Jallikattu is a bull taming event practiced in Tamil Nadu as a part of Pongal celebrations. Jallikattu is recently in news because of the Supreme Court rulings, Government interventions and agitations from the public against the Jallikattu ban. In this post, let’s analyze, Jallikattu and other important issues associated with it in detail.
What is Jallikattu?
- Jallikattu is a sport conducted as a part of Mattu Pongal (the 3rd day of the four-day long harvest, Pongal).
- Jallikattu is also known as eru thazhuvuthal or manju virattu.
- The Tamil word ‘Mattu’ means bull and the 3rd day of Pongal is dedicated to cattle. Bulls get precedence over cows because it helps in the ploughing of field, pulling their cart of goods and mating with cows to produce more offspring and in turn more production of milk.
- Bulls are brought to a common place where the ritual happens. The participants are supposed to embrace the bull’s hump and try to tame it by bringing the bull to a stop.
- Jallikattu is derived from the words ‘calli’ (coins) and ‘kattu’ (tie), which means a bundle of coins is tied to the bull’s horns. In older times, the tamer sought to remove this bundle from the animal’s head to win gold or silver. He would be called ‘brave’ and ‘valourous’ and would also sometimes be rewarded with a bride.
What is the history of Jallikattu?
- Jalikattu is believed to have been practiced since at least 2500 years.
- A seal from Indus Valley civilization depicting the practice is preserved in the National Museum, New Delhi.
- A cave painting that depicts a man trying to tame a bull is estimated to be 2500 years old by the Archaeologists.
- There are references to people enjoying witnessing and participating in Jalikattu in Silappatikaram one of the 5 great epics of Tamil classical period and 2 other ancient literary works like Kalithogai and Malaipadukadaam.
Why PETA and other animal rights activists want to ban Jallikattu?
- Bulls are deliberately placed in a terrifying situation in which they are forced to run away from a mob of men. The bulls are so frightened that in desperation they jump off barriers which result in fatal injuries. The participants and spectators are also at risk.
- Bulls are often provoked with alcohol, sticks, knives, sickles and even chilli powder in the eyes.
- Betting on the bulls is another problem.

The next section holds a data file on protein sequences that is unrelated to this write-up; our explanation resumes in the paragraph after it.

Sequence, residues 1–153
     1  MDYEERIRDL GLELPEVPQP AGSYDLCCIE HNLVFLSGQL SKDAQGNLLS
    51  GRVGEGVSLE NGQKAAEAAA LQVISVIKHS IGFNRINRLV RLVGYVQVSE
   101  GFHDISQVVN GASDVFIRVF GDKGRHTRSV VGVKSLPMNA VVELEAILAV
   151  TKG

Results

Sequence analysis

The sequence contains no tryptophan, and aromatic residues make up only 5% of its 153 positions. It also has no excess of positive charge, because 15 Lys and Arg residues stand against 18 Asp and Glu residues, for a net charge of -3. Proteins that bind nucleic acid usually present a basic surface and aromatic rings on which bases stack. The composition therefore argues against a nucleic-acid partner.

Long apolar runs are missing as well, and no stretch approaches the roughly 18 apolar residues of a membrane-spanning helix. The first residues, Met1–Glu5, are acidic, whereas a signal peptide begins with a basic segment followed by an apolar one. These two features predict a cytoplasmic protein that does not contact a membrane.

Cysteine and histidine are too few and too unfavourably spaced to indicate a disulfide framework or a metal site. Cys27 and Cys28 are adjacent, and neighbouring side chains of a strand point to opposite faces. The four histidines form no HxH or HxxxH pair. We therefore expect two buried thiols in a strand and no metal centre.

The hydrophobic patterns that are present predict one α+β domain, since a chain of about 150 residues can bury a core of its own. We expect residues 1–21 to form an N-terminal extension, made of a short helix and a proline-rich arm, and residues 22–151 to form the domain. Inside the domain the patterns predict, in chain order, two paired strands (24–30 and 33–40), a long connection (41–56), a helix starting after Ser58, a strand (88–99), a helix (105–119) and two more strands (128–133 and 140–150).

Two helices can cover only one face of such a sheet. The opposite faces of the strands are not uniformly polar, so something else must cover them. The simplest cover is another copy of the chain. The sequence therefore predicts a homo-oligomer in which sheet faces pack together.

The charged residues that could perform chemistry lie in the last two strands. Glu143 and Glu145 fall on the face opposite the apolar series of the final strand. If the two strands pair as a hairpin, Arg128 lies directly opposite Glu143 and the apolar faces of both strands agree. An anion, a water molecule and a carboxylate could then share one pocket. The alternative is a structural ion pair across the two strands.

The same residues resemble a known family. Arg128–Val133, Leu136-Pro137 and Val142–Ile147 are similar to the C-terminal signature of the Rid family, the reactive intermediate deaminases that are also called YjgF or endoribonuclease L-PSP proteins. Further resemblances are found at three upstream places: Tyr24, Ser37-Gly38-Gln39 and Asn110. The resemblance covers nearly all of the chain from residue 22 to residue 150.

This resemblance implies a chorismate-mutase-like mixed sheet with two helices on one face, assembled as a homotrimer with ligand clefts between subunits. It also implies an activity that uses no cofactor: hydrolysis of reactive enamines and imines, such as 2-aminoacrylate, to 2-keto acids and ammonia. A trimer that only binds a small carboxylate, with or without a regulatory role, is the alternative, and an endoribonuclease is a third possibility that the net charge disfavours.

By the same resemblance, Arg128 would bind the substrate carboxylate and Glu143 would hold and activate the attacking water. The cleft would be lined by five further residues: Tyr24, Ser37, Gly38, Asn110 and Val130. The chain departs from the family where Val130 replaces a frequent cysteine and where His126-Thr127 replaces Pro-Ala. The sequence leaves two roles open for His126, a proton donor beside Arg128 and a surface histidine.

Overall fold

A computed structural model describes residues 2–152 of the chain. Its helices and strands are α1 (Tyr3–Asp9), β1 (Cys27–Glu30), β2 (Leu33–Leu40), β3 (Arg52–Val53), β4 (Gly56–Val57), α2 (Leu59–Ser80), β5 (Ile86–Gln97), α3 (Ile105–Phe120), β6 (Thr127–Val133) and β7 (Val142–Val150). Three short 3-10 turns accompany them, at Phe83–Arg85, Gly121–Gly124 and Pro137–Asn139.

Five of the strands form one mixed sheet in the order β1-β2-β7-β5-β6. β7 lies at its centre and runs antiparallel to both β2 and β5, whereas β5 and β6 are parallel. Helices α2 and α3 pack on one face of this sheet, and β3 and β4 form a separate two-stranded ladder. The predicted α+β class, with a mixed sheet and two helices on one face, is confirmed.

Judgments on Jallikattu
- In 1991, the Environment Ministry had banned the training and exhibition of bears, monkeys, tigers, panthers and dogs. This was challenged by the Indian Circus organisation in the Delhi High Court but the court upheld the notification.
- The ban on Jallikattu itself has existed on and off since 2006.
- In 2006, the Madras High Court banned it after the death of a young spectator.
- In 2009, the ban was subsequently lifted with the Tamil Nadu Regulation of Jallikattu Act, 2009.
- In 2011, the Environment Ministry at the Center issued a notification especially mentioning ‘bulls’.
- But even after the 2011 notice, the Jallikattu practice continued to be held because under the Tamil Nadu Regulation Act No. 27 of 2009.
- After it was found that the regulations were not being followed and that bulls were indeed being subjected to cruelty as defined under the Prevention of Cruelty to Animals Act, 1960, the Animal Welfare Board of India (AWBI) and People for the Ethical Treatment of Animals (PETA) filed a petition.
- In 2014, the Supreme Court banned Jallikattu and struck down the 2009 act.
- In January 2016, in what could be seen as a clearly political move, the union environment ministry revoked the ban by issuing a notification months before the elections in Tamil Nadu were due to be held.
- In January 2016, Supreme Court stayed this 2016 Union Government notification, as it was challenged by the AWBI and PETA. The case is still being heard and so far the Court has not delivered its final verdict.
- On 8 January 2017, several hundreds of protesters conducted a rally at Chennai Marina opposing the ban on Jallikattu. The participants walked from the lighthouse to the labour statue bearing posters saying ‘save Jallikattu’. Following the protests at Chennai, many students started rallies in various towns of Tamil Nadu. Numerous illegal Jallikattu events were held across Tamil Nadu in protest of the ban, and hundreds of participants were detained by police in response.